Until my next update, I remain, your moving correspondent.
BEEF BARBACOA FOR TACOS
I'm putting this out front: in no way is this recipe authentic. Barbacoa is a dish requiring an entire critter to be roasted in an underground pit. Depending upon the region of Mexico, the critter could be a cow, a goat, a sheep, or even a pig. This dish, translated by a RV cook, requires a few spices, a chunk of beef and a slow cooker.
Barbacoa is made with smoked jalapenos - Chipotle - but my RV version is downsized further by using spicy dried Chipotle Chile Flakes (I like The Spice Hunter brand). Less messy than using canned or jarred peppers. (We are camping.) Plus the dried flakes are great on all sorts of things... eggs... baked potatoes... soups and stews... grilled fish and veggies. The fact the meat braises for six-to-eight hours in a slow cooker (while you are
hiking moving) just makes it all so easy.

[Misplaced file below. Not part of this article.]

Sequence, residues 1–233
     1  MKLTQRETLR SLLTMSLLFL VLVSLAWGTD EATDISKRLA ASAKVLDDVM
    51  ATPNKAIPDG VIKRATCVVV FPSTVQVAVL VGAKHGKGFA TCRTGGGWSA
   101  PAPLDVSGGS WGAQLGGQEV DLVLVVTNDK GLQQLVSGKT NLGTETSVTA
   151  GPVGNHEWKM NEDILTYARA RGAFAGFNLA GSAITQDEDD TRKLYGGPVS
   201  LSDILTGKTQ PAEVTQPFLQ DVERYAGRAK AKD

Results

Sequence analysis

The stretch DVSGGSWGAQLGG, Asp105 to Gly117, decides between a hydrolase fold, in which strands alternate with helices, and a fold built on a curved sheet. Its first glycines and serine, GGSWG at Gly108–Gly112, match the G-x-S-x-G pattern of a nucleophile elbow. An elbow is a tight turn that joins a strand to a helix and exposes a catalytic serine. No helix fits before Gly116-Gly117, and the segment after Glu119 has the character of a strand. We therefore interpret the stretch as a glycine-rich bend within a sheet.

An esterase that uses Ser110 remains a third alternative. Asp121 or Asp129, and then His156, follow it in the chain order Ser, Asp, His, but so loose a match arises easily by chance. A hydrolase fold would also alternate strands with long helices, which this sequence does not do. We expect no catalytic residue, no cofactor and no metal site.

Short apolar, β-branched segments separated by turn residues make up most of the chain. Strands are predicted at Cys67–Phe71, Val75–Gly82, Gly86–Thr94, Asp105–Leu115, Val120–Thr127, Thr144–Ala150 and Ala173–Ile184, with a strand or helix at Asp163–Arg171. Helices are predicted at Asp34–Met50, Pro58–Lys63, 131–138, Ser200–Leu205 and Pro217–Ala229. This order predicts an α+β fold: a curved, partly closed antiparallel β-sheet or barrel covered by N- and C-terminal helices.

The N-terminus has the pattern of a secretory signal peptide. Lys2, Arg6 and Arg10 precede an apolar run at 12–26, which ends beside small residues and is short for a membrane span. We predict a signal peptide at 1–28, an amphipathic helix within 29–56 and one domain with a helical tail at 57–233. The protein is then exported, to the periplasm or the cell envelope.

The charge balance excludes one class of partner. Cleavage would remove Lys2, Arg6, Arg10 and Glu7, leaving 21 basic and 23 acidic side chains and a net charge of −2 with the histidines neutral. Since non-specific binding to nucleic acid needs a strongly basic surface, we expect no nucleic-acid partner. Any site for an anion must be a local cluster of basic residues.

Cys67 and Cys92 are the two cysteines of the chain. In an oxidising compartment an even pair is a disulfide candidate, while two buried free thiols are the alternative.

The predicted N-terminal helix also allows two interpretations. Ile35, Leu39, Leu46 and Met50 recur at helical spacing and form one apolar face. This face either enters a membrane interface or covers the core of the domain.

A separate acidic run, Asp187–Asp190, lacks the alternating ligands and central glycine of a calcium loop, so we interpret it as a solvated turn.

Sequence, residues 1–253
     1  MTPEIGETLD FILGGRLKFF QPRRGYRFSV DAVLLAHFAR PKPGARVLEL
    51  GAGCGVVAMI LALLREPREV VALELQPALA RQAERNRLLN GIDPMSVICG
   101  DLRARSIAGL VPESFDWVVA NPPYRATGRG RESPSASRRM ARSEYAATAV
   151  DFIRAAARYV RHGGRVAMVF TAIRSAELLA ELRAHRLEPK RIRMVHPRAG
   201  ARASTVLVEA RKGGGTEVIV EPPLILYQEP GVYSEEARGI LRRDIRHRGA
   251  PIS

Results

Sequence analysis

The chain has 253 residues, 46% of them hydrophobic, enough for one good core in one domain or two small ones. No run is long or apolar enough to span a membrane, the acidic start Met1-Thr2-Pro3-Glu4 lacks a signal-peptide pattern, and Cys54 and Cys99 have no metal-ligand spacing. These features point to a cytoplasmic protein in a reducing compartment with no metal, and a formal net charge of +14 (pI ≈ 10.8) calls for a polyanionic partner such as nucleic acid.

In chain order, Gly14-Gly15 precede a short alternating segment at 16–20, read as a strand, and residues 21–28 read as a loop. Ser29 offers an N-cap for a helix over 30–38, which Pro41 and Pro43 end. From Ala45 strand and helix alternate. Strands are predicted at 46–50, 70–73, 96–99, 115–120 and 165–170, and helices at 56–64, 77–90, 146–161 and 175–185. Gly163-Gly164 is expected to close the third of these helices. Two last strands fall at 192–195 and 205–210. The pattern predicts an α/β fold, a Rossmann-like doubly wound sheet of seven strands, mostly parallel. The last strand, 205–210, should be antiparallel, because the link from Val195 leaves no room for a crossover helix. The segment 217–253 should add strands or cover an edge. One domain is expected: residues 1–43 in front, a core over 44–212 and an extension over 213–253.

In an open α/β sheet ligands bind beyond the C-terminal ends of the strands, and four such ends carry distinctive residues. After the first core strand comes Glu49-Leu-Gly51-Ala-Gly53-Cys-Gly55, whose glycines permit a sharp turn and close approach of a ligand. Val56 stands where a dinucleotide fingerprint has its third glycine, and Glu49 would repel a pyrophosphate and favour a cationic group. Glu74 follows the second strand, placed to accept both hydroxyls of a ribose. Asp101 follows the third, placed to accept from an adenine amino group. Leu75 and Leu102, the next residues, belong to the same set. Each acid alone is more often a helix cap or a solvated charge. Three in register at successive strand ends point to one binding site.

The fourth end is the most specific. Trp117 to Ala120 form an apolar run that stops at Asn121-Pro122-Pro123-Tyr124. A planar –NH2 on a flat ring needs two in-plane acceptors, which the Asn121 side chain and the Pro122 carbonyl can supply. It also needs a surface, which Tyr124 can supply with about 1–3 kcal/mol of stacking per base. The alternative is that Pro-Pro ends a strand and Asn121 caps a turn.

The beef is just a bit spicy, so use only one teaspoon of the dried chiles if cooking for non-fire eaters, or bump it up to a full 3 teaspoons if the Devil Hisownself sits at your table. The tacos are traditionally served on warm corn tortillas, but I usually use flour "street taco" tortillas these days - with only diced onion and cilantro. Add a bit of hot sauce or fresh tomato if you choose.
NOTE: I use boneless chuck roast in this recipe, but you could use a small brisket. Choose any marbled piece of beef that can be easily shredded. Enjoy!
One large onion, chopped fine, divided (see below)
2-4 cloves garlic, peeled and minced
One jalapeno pepper, seeded (if desired) and minced